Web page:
Frearson, meanwhile, is wary of those who able to smooth-talk their way to cash. “In all the years I’ve been auditing, the worst examples are insurance scams,” he says. “More often than not, rather than relying on being cunning financial scams they depend on fraud of character and manipulation.”
One of the largest scale fraud types in the Middle East is that within the region’s supper-rich families, often of royal status. While the families themselves have vast amounts of cash to lose, the legal and economic implications for the region’s ordinary citizens could be great. The case of the Al Gosaibi family fraud in Saudi Arabia sticks out, where Maan Al Sanea – who had previously married into the Al Gosaibi family – was accused of committing a $150 million fraud. Positions of power are a common magnet for fraud, according to Adlem, who says that figures in senior management roles also pose a higher risk.
“Senior management figures should be the most heavily scrutinised,” he says. “They are in a position that gives them the greatest power to commit fraud. The more due diligence that can be done on these people, the better.”
Crowe agrees with the assertion, and says that the region’s CFO’s should not be intimidated into complying with such illicit practices. “There are a number of surveys that report asset misappropriation as the most prevalent in the Middle East,” he says. “From the matters we have investigated in these past five years, the most prevalent types of organisational fraud have stemmed from the abuse of position by a person in senior management who treats the business as their own cash point to extract money. CFO’s can be exposed to pressures from management to ‘massage’ the numbers with the obvious incentive being increased bonuses and stock options. Therefore it is important that other functions within the company also have responsibility for detection and fraud prevention.”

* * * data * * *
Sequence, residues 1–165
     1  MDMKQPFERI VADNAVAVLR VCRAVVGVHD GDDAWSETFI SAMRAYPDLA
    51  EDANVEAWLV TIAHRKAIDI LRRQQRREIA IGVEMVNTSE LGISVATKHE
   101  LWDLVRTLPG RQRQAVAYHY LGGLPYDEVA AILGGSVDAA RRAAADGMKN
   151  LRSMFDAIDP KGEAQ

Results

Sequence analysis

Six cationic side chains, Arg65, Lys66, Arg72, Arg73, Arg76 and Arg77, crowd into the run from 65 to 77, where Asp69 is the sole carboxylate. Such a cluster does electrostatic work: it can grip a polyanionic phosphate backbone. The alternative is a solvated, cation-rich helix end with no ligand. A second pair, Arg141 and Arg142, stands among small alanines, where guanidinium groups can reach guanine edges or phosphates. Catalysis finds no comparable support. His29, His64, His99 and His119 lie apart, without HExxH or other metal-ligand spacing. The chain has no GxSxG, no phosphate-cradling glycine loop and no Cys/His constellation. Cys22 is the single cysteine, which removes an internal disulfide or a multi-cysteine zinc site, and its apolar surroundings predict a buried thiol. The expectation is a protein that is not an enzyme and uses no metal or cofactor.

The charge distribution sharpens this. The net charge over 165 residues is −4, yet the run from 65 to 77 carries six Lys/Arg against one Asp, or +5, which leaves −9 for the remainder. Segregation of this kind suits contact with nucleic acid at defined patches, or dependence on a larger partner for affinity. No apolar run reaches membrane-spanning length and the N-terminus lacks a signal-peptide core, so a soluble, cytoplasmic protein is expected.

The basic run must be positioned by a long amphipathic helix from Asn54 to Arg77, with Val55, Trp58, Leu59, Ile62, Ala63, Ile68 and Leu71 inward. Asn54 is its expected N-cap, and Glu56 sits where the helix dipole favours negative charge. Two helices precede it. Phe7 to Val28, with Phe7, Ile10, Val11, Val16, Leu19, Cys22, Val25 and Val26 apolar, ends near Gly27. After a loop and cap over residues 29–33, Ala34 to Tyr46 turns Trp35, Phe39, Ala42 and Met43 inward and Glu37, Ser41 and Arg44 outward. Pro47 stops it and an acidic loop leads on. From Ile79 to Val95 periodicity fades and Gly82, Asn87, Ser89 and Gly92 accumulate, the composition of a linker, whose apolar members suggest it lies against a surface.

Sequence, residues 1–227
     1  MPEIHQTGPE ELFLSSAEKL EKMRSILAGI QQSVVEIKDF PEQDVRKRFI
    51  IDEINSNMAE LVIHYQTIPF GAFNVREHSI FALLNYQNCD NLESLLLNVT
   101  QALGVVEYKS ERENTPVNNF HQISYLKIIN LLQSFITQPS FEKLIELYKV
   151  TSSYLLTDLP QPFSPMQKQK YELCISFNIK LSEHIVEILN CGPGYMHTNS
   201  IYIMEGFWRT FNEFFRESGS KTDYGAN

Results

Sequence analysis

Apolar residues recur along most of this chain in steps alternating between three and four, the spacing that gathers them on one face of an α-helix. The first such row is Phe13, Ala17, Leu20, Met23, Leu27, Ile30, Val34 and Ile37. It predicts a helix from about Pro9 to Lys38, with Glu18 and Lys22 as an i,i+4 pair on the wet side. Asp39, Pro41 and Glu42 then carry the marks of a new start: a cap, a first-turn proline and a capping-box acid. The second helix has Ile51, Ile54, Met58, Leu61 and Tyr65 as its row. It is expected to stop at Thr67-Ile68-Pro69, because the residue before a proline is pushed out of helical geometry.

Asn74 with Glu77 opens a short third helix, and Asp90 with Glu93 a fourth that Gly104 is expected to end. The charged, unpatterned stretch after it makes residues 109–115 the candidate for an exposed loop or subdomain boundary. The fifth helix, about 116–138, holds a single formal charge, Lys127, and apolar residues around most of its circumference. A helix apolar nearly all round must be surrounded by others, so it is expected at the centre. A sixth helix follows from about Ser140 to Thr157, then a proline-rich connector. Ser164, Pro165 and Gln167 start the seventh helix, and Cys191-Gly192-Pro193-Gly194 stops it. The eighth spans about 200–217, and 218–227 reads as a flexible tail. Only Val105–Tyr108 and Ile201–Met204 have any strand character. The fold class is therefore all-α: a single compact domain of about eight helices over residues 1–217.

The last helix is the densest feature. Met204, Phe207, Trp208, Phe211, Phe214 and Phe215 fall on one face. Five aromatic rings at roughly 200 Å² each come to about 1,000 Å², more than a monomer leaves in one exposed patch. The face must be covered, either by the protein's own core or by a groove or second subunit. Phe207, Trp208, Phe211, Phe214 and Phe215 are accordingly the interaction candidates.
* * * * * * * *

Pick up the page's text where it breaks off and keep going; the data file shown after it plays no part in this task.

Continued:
One of the most critical stages in combating fraud is what is done in the aftermath of an offence. Crowe says that implementing the correct protocols goes a long way in rectifying issues. “The key here is to ensure that the organisation has an established response plan, which is ratified by management, with clear responsibility and escalation points, and terms of reference,” he says. “Having established lines of notification and subsequent approval points for the compilation of an appropriate and proportional investigation plan is critical.”
Adlem says that although some regional entities have made progress in terms of their responsiveness, there is still work to be done. “Most corporate organisations in the Middle East don’t have appropriate fraud response plans,” he says. “The Abu Dhabi Government has done quite a lot to advance itself in this respect, but they are in the minority.”
He also believes that the decision to launch a full-blown criminal investigation should not be taken lightly. “In the heat of the moment a victim often decides that they want to take legal action against the culprit,” he says. “But that can take years in this part of the world. Two years down the line, a case can still be dragging on. Launching an investigation should be a last resort in reality. The earlier that action is taken, the shorter the trail and the easier it is to limit damage.”
Frearson also believes that faster action will lead to more effective results. “The biggest mistake that fraud victims can make is to bury their head in the sand,” he says. “They need to call the police as soon as possible; shying away from transparency is the worst possible approach.”